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Review: Magewell Capture Plus Series

Magewell's USB Capture Plus line of HDMI, SDI, and DVI USB 3.0 capture devices proved a reliable linchpin of mobile, laptop-based conference video switching and streaming to Facebook Live.

In addition to Streaming Media East and Streaming Media West, Streaming Media’s parent company, Information Today, Inc., produces a number of other B2B conferences, in areas ranging from library technology to knowledge management to content marketing to customer relationship management. One of my jobs as in-house video guy is to attend a number of these conferences and produce video. I film sessions, interviews, testimonials, B-roll, and deliver live streams, highlight clips, promos, and so forth. In some cases, the purpose is to capture the news of the show or generate substantive content for associated websites and social media outlets; in others, the idea is to heighten the profile of the conference or to show non-attendees what they’re missing.

Last November, shortly before the Gilbane Conference, I was asked to stream the conference keynotes to Facebook Live. The normal baseline for capturing live talks with PowerPoints, of course, is to put at least one camera on the speaker, capture the slide presentation, and switch between them. On short notice, for various reasons, I wasn’t able to assemble a viable live-switched streaming setup for this conference, but was fortunate that the keynotes were either panel discussions without slides, or single-speaker presentations where the presenter stood at the podium adjacent to the screen and didn’t move. In both scenarios, a single medium shot captured by my Sony PXW-X70 and streamed to Facebook via a mounted Teradek VidiU Pro got the job done.

Enter Magewell

For video I was capturing at the Computers in Libraries 2017 conference in late March, I set out to assemble a laptop-based workflow, with multiple sources switched and streamed to Facebook Live using Telestream’s Wirecast. For cameras, I’d be working with two Sony PXW-X70s—one medium or wide shot, one close-up on the presenter. For the PowerPoint or Keynote presentation, I’d have a VGA feed from the presenter’s laptop via a video distribution amplifier (VDA) at the front of the room (with the laptop feed also routed to the screens on opposite sides of the stage).

To get these sources into my ASUS ROG G751T laptop, I requested three units from Magewell’s new USB Capture Plus line. Because the X70s have both HDMI and HD-SDI outputs, and because a VGA feed converts easily to DVI with a small adapter, I requested one HDMI, one HD-SDI, and one DVI model. If I were concerned about long cable runs from the cameras to the laptop, I would have requested USB Capture Plus SDI models for both cameras, but I was switching the feeds from the same back-of-the-room riser where my cameras were positioned, so HDMI’s acknowledged shortcomings for disparate camera locations weren’t really a factor, and it seemed worthwhile to test both models.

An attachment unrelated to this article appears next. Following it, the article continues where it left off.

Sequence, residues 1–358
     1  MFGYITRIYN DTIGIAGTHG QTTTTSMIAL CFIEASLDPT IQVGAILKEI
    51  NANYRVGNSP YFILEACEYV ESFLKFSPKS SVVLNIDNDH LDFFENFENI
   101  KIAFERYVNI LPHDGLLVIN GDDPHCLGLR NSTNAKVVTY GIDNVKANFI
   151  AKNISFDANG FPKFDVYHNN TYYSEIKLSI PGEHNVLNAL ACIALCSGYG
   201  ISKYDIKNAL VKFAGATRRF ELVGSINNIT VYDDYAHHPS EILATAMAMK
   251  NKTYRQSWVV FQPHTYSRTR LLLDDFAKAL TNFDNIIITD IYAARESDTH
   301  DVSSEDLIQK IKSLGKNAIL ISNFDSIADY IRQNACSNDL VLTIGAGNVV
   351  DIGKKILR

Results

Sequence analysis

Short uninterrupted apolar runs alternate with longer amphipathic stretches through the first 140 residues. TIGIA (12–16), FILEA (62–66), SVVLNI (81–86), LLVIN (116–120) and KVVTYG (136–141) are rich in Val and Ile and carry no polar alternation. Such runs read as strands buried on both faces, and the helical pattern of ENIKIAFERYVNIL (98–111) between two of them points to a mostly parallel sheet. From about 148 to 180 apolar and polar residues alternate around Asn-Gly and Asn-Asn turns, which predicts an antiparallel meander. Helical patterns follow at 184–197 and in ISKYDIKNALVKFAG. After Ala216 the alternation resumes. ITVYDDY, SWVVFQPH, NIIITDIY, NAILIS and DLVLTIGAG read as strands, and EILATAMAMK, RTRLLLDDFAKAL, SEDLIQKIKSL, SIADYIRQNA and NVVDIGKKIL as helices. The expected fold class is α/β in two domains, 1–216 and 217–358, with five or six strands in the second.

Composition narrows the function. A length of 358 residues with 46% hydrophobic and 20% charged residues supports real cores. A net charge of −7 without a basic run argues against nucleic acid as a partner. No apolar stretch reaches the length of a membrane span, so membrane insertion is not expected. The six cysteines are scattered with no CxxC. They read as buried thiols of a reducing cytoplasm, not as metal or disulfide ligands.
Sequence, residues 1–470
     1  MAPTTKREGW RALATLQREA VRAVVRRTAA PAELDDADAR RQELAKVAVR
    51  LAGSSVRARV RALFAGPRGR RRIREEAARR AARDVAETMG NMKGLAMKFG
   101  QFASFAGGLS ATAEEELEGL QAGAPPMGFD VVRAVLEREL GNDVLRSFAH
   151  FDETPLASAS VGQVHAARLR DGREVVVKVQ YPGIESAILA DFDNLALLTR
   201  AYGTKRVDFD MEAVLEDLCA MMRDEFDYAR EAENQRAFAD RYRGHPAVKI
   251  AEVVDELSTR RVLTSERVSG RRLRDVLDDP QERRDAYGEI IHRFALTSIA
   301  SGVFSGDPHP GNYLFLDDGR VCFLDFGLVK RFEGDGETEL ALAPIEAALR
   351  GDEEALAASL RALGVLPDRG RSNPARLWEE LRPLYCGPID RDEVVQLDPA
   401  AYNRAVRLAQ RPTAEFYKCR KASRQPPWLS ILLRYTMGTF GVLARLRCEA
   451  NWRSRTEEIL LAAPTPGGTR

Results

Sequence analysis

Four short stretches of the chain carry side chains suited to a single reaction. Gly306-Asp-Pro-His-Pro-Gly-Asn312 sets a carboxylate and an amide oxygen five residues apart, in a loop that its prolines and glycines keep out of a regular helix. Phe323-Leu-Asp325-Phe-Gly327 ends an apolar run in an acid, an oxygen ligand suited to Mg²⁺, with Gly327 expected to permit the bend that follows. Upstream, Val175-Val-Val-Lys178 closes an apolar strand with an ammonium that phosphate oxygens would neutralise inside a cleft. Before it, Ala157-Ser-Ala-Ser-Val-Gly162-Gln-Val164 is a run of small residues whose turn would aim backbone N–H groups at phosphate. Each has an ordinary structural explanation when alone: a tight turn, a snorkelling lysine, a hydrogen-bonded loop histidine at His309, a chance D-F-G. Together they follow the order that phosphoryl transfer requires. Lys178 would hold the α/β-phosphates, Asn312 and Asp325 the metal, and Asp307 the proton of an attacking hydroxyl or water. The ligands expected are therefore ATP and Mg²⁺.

The Magewell USB Capture Plus line are single-channel capture devices (Figure 1, below), roughly the size and shape of a pack of cigarettes, that take HDMI, SDI, or DVI feeds from cameras or other external devices and process them for capture via USB 3.0 to laptops or other computers. The Capture Plus devices show up without requiring driver installs, and do all the processing internally to make the captured video usable in applications like Wirecast without offloading any of the processing to the computer’s CPU or GPU. All of the models in the Capture Plus line also capture embedded audio. Although I was using the audio feed from only one camera (the one capturing the soundboard audio via XLR), I could have switched between sources from all of the devices connected to my laptop through the USB Capture Plus units. Other features of the Magewell Capture Plus units include loop-through, the ability to connect an HDMI monitor to the units for monitoring during capture.

Figure 1. The Magewell Capture Plus family. Click the image to see it at full size.

Magewell isn’t the only company that makes this a USB capture dongle; in the past, we’ve looked at older models from Epiphan that perform the same basic function. Jan Ozer demo’d a similar Wirecast-centric setup using the DVI models in September 2015. I used the same setup at a conference that December with middling results. Although the capture proved reliable and functional (and driver-less as promised), the DVI connection (converted from HDMI) significantly downgraded the image coming out of the camera. To be fair, Epiphan makes HDMI and SDI-based units now up to 4K that almost certainly capture much higher-quality images than the older DVI-only models, but I haven’t tested those products. (Magewell offers 4K Capture Plus devices as well, though I tested the HD versions. Even though one of my Sony X70s was 4K-capable, given that I was shooting in HD, recording in 1080p, and streaming in 720p, 4K would have been overkill for my needs.)

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